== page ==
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Floating Market in South Borneo, Indonesia

In South Kalimantan, there are hundreds of rivers became an important transportation route to the present. The capital of South Kalimantan, Banjarmasin, is located near the junction of the Barito and Martapura rivers. Known as ‘River City’, Banjarmasin is a few inches feet below sea level and laced with flood-prone waterways, and many houses are built on rafts or stilts over the water. The city split by the river Martapura provides its own characteristics on the lives of its people, especially the use of rivers for water transportation, trade and tourism. Floating Market Kuin Estuary is a traditional floating market on the river at the mouth of the river Barito Kuin, Banjarmasin, South Kalimantan. The market is not only the reflection of the culture that has taken place long ago, but it also shows respects for the unique traditional trading wisdom of Banjarmasin Banjar.

Floating market is one of the cultural heritages in selling goods among community along rivers ecosystems which are recently grown as tourism attraction. (Normaleni 2015) Linking floating market and tourism offers opportunities for local economic development. The local style of floating market opens early in the morning and only lasts for 3 hours. The specialty of this market increases the tourism as well as remains the traditional barter transactions between local merchants. Women traders of boating sell their own production, while the second-hand purchase from the hamlet called panyambangan for resale.The Floating Market is inseparable from the formation of Banjarmasin and its surroundings as ‘Leading Tourism Icons’. (Rahmini, Pudjihardjo, Hoetoro & Manzilati 2015)

 

 

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Floating Market, Banjarmasin, South Kalimantan

 

Reference

Maududdin, F. Lok Baintan Floating Market in South Borneo, Indonesia, viewed 07 Dec 2017, http://www.dailymail.co.uk/travel/travel_news/article-3522809/The-floating-markets-Indonesia-Mesmerising-images-traders-shoppers-weaving-river-chain-20-boats.html

Normaleni, E. 2015, Tourist profiles and perception as a basic planning for sustainable tourism development Lok Baitan Floating Market, South Kalimantan, Journal of Environmental Science, Toxicology and Food Technology, pp. 11-16, viewed 07 Dec 2017, http://eprints.ulm.ac.id/1104/1/Journal%20Bu%20Elyn.pdf

Rahmini, N., Pudjihardjo, M., Hoetoro, A. & Manzilati, A. 2015, The Role of Bonding, Bridging and Linking at Traditional Markets in Indonesia: A Study at Lok Baintan Floating Market Banjar Regency South Kalimantan, Journal of Applied Economics and Business, viewed 07 Dec 2017, http://www.aebjournal.org/articles/0303/030300.pdf#page=76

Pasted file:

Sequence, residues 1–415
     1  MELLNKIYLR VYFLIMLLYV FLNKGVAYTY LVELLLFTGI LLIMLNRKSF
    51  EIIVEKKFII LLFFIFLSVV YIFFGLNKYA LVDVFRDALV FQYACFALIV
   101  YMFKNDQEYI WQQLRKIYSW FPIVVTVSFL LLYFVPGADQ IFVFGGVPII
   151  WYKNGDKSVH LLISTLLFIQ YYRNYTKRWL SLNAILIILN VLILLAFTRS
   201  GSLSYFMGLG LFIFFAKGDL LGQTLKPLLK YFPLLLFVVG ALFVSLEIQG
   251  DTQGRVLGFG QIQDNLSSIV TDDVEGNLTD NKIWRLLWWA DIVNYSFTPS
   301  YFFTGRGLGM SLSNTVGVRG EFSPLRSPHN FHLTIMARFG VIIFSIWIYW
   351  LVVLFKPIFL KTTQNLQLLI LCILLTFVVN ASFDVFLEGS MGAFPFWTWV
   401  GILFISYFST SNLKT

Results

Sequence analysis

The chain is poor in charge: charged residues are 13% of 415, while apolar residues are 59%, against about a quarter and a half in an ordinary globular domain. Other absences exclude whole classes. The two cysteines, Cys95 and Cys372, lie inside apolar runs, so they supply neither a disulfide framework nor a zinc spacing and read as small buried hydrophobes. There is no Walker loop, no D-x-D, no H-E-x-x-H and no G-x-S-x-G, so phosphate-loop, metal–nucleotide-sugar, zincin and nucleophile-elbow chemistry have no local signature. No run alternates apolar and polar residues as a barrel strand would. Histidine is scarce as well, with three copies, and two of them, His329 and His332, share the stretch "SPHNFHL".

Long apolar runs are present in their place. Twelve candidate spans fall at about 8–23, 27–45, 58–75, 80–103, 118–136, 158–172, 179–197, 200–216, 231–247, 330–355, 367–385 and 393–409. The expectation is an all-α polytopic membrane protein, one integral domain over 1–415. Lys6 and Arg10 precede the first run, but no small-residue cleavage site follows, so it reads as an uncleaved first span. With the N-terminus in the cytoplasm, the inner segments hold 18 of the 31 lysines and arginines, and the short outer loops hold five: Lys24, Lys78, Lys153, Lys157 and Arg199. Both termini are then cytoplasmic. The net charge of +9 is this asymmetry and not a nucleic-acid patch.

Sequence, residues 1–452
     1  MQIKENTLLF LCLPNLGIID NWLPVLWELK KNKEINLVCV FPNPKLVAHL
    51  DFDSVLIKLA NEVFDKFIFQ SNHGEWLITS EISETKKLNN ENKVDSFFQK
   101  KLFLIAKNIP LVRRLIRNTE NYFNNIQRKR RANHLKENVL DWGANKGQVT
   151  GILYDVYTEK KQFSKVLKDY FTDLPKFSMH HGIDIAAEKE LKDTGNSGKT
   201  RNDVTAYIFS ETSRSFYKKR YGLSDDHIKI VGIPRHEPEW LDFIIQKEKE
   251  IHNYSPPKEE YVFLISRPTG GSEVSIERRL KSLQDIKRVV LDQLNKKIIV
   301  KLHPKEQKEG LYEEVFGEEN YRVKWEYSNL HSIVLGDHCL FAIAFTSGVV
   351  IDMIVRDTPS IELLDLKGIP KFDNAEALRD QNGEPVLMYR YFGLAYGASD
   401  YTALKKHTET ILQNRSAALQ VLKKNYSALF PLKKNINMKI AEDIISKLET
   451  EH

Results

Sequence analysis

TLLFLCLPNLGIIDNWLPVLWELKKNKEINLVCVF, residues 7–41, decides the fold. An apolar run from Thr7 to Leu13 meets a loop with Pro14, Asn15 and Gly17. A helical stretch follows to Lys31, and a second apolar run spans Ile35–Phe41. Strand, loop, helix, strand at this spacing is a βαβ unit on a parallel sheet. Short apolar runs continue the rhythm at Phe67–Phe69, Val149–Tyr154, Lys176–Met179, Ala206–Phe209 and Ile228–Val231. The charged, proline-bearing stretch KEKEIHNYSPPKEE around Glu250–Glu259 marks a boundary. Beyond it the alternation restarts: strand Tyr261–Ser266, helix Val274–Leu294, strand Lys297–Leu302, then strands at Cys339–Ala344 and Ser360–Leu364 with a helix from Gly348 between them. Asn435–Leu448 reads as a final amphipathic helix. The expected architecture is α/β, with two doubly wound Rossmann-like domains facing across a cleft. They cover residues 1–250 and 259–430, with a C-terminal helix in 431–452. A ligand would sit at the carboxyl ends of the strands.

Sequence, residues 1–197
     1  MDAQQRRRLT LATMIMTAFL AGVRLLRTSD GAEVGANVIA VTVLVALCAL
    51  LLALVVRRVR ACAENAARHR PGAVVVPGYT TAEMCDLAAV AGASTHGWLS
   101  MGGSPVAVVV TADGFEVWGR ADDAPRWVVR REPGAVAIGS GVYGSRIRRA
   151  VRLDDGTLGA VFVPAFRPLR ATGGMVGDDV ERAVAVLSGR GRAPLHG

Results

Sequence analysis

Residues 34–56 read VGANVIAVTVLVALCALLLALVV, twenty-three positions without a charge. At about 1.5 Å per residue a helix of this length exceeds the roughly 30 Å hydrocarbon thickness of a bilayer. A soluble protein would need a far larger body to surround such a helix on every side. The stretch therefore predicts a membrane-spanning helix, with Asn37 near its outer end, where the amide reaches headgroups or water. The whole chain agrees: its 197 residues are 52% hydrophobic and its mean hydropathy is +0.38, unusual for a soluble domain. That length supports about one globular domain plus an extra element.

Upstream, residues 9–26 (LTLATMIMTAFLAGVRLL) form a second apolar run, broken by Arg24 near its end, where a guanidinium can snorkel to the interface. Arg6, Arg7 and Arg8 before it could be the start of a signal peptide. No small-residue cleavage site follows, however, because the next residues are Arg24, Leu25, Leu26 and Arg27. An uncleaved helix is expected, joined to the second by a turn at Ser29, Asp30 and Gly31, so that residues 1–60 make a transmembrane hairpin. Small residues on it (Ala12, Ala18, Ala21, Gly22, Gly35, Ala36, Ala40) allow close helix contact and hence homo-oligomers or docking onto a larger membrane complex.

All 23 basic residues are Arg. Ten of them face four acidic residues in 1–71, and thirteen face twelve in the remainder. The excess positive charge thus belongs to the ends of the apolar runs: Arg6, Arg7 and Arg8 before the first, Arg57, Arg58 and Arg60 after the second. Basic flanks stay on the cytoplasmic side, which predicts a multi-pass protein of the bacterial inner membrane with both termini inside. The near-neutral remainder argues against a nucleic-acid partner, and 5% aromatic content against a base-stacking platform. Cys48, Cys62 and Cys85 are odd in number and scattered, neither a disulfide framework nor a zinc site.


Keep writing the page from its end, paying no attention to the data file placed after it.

Taylor, J.G., 2003,  Indonesia : Peoples and Histories, Yale University Press, ProQuest Ebook Central, viewed 07 Dec 2017, https://ebookcentral.proquest.com/lib/uts/detail.action?docID=3420328

Post D: The Lanting House

By Catherine Nguyen

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Lanting houses in Banjarmasin (Bromo, P. 2013)

I’ve travelled to quite a few places throughout my lifetime thus far, however none have come close to the sound of Indonesia. Spread across thousands of islands consist of hundreds of cities, and despite that these neighbourhoods share the same umbrella name, they all have different needs, lifestyles and identities. When combined, they form the culturally rich, beautiful and lively country that is Indonesia.

Whilst the phenomenon of globalisation has proved us certain advantages especially in terms of travel, for places like Indonesia where their identities are defined heavily upon culture, it becomes a battle between modernisation and protecting celebrated traditions.

Banjarmasin, located south of Kalimantan, Indonesia, is a self proclaimed ‘City Of A Thousand Rivers’. The name is well earnt, considering the city has been developed on a delta with a total of 107 rivers, creeks and canals (Kusliansjah et al. 2016). Boasting also a ‘unique architectural heritage, natural splendour and colourful floating markets’ (Chandra, S. 2016), I was intrigued to learn about its historical development as well as the lifestyle of this Banjarnese community that I was envious of.

mapping indonesia

Mapping Indonesia (Nguyen, C. 2017)

To my (un)surprise however, countless articles surfaced to address this physical, economic and environmental transformation the city was currently undergoing, due to the increasingly urbanised and globalised culture (Lamarca, M. 2012). From a city that proudly flaunted their homes which were structurally designed  to be harmonious with nature, they are now facing an identity crisis as they move from the waters onto land.

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Presence of lanting houses in present Banjarmasin (Nguyen, C. 2017)

Of the 11 types of homes traditionally known in Banjarmasin, the Lanting house is the only one to be constructed on water. Once an ‘expression of Banjarnese culture’ (Dahliani et al. 2015) and definitive of the city’s way of life, it now ceases to exist- instead replaced with the growing preference for urban architecture as influenced by global trends. Historially built along the riverbanks of Matarpura, Kuin and Alalak they were used as both floating homes and stores- a fundamental aspect to the Banjarnese lifestyle (Kusliansjah et al. 2016). Progressively, with road developments and a growth in land-based settlements, its presence begun to cease. As of 2015, it was recorded that there were only 10 lanting houses left (Dahliani et al. 2015).

Contrastingly to land-based cities where the identities of their urban architecture and local culture are much more definitive and stabilised, tidal waterfront cities such as Banjarmasin are continuously facing uncertainty regarding their infrastructure, and constantly fear the loss of their identity and image as the tidal city.

The traditional lifestyle has not been entirely disregarded yet; there are still river markets floating around Banjarmasin and kelotoks* available for transportation- just targeted towards the tourists more than the locals. But how long will it be until everything becomes complete history?